Army Enlisting Unmanned Systems for Supply Missions
Lockheed Martin to develop, deliver autonomous technologies to make cargo supply safer and cheaper
The U.S. Army awarded Lockheed Martin a $47 million contract to develop, demonstrate and deliver autonomous technologies for unmanned air systems, such as those on the K-MAX unmanned helicopter, above, in support of in-theater cargo missions.
Just as the airplane dramatically changed the face of warfare during World War II, unmanned systems are significantly altering how the military conducts operations today. The aerostat-based Persistent Threat Detection System, unmanned aerial vehicles like the Desert Hawk and other autonomous systems are proving their value on a daily basis in Iraq and Afghanistan.
And now, the U.S. Army wants to expand its use of unmanned systems even further. The Army's Aviation Applied Technology Directorate recently awarded Lockheed Martin a $47 million contract to develop, demonstrate and deliver autonomous technologies for unmanned air systems in support of in-theater cargo missions.
Afghanistan's treacherous terrain makes supplying remote operating bases either over land or through the air costly and dangerous. Unmanned systems will enable the Army to supplement rotary wing assets, reduce exposure to improvised explosive devices and decrease transportation costs. The Army wants mature technologies that improve autonomous operations, increase delivery accuracy and reduce ground control station operator workload.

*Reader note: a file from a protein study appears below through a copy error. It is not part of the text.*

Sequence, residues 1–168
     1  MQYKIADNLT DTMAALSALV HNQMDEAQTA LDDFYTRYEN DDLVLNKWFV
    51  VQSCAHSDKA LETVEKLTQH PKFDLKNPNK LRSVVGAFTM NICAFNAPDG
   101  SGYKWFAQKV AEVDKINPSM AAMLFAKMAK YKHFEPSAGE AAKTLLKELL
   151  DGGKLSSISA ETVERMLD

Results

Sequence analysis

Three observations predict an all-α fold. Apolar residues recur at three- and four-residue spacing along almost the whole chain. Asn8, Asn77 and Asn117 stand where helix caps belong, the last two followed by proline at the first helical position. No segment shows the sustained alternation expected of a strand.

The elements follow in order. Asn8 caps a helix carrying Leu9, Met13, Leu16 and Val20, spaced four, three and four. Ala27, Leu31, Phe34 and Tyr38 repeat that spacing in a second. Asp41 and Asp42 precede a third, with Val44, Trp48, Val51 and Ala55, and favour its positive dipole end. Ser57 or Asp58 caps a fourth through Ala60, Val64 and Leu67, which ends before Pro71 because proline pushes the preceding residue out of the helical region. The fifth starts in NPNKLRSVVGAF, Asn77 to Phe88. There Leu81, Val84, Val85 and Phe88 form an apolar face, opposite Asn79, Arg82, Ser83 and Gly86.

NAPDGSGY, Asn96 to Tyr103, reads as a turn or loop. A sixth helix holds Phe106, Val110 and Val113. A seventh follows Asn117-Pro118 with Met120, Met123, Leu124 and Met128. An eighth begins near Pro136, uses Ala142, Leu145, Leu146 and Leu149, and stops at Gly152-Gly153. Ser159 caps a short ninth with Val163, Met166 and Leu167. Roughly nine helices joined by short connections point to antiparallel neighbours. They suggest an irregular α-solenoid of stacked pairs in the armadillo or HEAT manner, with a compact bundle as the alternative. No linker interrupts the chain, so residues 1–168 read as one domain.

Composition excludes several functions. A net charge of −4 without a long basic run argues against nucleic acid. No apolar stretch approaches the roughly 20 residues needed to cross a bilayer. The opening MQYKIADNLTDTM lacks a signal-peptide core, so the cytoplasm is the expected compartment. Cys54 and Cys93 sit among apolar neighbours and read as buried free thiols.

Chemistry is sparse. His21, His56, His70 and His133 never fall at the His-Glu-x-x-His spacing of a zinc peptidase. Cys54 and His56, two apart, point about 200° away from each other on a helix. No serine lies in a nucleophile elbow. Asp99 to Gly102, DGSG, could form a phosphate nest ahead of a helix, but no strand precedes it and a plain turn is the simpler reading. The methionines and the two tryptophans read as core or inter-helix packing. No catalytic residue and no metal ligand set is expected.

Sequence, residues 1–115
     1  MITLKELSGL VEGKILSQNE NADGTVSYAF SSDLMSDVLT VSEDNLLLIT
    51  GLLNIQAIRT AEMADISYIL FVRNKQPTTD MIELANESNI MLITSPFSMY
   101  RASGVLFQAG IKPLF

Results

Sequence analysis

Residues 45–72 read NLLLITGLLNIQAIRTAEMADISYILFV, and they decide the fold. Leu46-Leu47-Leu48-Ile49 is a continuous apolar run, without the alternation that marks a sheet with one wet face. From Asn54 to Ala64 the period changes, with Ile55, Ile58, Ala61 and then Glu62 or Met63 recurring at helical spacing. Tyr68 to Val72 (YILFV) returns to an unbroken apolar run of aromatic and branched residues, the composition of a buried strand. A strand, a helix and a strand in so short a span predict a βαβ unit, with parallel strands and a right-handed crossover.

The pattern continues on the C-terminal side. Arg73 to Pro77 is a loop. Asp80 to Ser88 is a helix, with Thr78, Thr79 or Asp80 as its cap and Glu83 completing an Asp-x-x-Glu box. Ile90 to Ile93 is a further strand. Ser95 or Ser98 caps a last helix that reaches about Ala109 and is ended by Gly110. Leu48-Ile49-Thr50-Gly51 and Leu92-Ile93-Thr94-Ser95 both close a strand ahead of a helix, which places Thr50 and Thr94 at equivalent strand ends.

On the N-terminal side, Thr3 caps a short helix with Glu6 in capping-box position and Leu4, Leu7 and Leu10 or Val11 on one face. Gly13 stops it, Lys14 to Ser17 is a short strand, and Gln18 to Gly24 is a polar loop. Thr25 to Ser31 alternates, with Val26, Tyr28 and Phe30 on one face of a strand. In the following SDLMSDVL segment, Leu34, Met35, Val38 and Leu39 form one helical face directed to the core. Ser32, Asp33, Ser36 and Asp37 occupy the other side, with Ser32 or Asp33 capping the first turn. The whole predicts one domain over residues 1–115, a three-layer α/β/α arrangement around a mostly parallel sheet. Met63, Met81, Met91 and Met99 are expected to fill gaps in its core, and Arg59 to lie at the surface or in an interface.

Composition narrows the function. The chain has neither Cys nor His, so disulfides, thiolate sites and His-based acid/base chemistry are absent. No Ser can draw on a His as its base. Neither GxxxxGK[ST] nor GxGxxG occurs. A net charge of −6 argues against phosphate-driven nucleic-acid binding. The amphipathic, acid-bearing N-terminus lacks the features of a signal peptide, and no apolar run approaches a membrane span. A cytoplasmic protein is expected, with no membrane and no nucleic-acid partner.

Under this contract, Lockheed Martin and its partner Kaman Aerospace will demonstrate intelligent autonomous technologies for unmanned aerial systems using the K-MAX helicopter platform. Lockheed Martin and Kaman also are working with the U.S. Navy to demonstrate the unmanned K-MAX's capability to supply the Marines.
"Lockheed Martin's experience, resources and proven K-MAX platform will allow us to meet the Army's objectives," said Dan Spoor, vice president of Aviation Systems at Lockheed Martin. "We are eager to develop and demonstrate the latest autonomous technologies using the mature and low-risk K-MAX platform."
The 6,000-pound K-MAX can fly at a higher altitude with a heavier payload than any other rotary wing unmanned system. With its four-hook carousel, the unmanned K-MAX can also deliver more cargo to more locations in one flight.
Lockheed Martin and Kaman entered into a partnership in 2007. For its Navy contract, the team has met all milestones and recently successfully completed Electromagnetic Environmental Effects (E3) testing. As part of the Navy and Marine Corps Cargo Unmanned Air Systems program, the K-MAX unmanned helicopter is currently undergoing a Quick Reaction Assessment at Yuma Proving Grounds in Arizona. This assessment will demonstrate the aircraft's cargo-carrying capability in an operational environment.